In The Boston Globe, Robert Ménard, executive director of the press freedom organization Reporters Without Borders, writes about the arrest of activist Hu Jia:
The Olympic Games have their anthem, their rings, their heroes, and their sponsors. Now, with the Beijing 2008 games, they have their prisoners. The Chinese government is not just building fine stadiums, it is also arresting those who dare to condemn human rights violations in China. The political police are getting ready for the Olympics in their own way, bringing charges of subversion against those who remind people of the promises the government made in 2001 to improve respect for basic freedoms.
Late last month, police arrested leading human rights activist Hu Jia at his Beijing home.
Before arriving, they cut his phone lines and Internet connection so that he would be unable to alert his friends in China and abroad. [Full Text]
Read also One Dream, One Prison by Lindsey Hilsum:
… I last saw Zeng Jinyan in December, a month after her baby was born. Jinyan is a sparrow-like woman, who looks even younger than her 24 years. She was in love.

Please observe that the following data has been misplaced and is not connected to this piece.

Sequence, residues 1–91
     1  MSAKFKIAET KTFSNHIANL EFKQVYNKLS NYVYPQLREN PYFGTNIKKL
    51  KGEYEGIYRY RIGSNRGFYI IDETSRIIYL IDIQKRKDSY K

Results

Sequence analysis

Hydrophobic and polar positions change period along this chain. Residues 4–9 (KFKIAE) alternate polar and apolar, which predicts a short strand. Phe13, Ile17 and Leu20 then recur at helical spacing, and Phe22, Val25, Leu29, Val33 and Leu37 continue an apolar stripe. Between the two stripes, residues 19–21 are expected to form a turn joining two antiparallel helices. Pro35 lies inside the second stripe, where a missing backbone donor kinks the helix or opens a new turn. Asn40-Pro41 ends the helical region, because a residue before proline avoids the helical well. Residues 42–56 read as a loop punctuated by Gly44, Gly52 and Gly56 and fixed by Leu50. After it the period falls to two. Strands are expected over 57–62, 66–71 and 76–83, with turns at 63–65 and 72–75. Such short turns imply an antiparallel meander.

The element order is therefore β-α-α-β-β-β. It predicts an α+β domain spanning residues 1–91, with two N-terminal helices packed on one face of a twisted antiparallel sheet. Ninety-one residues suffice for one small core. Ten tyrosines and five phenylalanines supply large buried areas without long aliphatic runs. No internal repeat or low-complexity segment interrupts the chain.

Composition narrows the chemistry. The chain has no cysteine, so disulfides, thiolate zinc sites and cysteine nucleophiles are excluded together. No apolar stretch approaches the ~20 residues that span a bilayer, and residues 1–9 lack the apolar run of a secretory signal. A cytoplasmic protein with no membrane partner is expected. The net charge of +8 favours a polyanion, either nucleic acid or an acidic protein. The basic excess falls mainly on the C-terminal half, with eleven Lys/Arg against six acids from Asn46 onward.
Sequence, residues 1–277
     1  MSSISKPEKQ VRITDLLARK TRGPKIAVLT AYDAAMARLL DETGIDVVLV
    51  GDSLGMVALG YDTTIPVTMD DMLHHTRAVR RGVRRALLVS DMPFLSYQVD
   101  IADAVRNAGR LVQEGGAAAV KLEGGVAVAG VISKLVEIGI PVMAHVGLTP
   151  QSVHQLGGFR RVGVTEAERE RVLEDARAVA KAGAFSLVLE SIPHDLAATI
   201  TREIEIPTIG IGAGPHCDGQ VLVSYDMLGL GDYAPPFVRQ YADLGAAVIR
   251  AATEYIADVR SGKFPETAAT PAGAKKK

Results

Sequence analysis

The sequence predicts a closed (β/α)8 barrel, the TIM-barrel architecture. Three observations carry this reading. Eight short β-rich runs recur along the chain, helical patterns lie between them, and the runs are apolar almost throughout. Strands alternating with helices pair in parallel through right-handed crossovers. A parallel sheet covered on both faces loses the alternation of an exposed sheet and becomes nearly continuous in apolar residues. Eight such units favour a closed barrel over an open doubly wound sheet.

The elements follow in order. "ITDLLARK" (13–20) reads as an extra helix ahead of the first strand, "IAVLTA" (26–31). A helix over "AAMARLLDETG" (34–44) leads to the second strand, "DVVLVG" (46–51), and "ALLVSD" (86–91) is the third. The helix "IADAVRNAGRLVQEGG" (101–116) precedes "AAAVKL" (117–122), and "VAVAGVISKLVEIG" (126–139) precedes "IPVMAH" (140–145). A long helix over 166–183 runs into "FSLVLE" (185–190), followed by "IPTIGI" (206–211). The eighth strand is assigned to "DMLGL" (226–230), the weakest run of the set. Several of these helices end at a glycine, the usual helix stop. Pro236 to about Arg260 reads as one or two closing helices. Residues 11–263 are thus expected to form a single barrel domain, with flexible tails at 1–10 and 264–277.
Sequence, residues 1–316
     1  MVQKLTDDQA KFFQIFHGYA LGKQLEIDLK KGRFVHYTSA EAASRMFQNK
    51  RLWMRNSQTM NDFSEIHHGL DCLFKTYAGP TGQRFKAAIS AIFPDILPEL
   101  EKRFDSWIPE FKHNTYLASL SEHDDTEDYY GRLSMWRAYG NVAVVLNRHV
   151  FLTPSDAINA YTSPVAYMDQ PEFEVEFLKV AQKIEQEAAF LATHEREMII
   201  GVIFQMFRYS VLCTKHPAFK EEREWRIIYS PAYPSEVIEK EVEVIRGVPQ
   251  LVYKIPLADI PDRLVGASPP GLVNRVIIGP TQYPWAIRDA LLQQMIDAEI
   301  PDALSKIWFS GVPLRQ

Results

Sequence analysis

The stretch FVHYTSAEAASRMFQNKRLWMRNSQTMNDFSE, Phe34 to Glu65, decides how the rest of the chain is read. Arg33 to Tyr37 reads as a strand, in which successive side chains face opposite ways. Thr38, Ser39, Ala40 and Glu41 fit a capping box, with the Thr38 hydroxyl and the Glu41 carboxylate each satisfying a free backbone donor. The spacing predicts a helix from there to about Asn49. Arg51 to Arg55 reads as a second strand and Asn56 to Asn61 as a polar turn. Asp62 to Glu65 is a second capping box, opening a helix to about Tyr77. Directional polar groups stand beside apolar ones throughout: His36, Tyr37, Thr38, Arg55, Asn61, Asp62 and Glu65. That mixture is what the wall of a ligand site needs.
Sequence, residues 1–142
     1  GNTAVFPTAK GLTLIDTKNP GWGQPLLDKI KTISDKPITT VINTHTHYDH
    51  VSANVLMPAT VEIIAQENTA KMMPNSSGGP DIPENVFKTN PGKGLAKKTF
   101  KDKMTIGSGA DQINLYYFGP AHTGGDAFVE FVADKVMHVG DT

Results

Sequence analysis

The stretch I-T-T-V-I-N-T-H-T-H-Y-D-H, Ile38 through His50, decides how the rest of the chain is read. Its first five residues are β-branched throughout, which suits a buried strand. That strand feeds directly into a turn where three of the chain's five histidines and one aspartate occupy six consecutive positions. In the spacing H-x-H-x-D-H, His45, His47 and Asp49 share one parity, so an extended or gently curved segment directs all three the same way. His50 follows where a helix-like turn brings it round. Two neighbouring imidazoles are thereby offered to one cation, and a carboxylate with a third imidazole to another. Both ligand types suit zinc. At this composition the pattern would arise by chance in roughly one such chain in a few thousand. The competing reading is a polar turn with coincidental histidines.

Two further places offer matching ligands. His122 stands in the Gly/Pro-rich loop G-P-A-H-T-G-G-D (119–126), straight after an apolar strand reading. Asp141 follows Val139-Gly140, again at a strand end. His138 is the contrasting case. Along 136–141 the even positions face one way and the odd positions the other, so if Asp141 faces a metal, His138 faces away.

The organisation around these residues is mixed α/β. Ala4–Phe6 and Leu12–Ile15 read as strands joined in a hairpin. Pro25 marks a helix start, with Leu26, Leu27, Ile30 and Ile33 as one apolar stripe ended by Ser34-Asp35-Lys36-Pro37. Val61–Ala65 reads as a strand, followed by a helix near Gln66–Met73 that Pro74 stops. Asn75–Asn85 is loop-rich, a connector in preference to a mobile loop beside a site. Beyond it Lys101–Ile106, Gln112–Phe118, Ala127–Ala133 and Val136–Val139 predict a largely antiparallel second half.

Her mother looked on indulgently as Jinyan told my friend Bessie and me how beautiful the baby was, how perfect, how exceptional – until she giggled in embarrassment at her own enthusiasm.
We saw her again today.
She stood at the window of her fourth floor flat, behind the burglar bars, holding her sleeping daughter and shouting to us below. We couldn’t go in, because Jinyan is now under house arrest.
Her slightly nerdy-looking bespectacled husband, Hu Jia, was arrested on December 27th and charged with “incitement to subvert state power,” a charge known as “counter revolution” in the bad old days. [Full Text]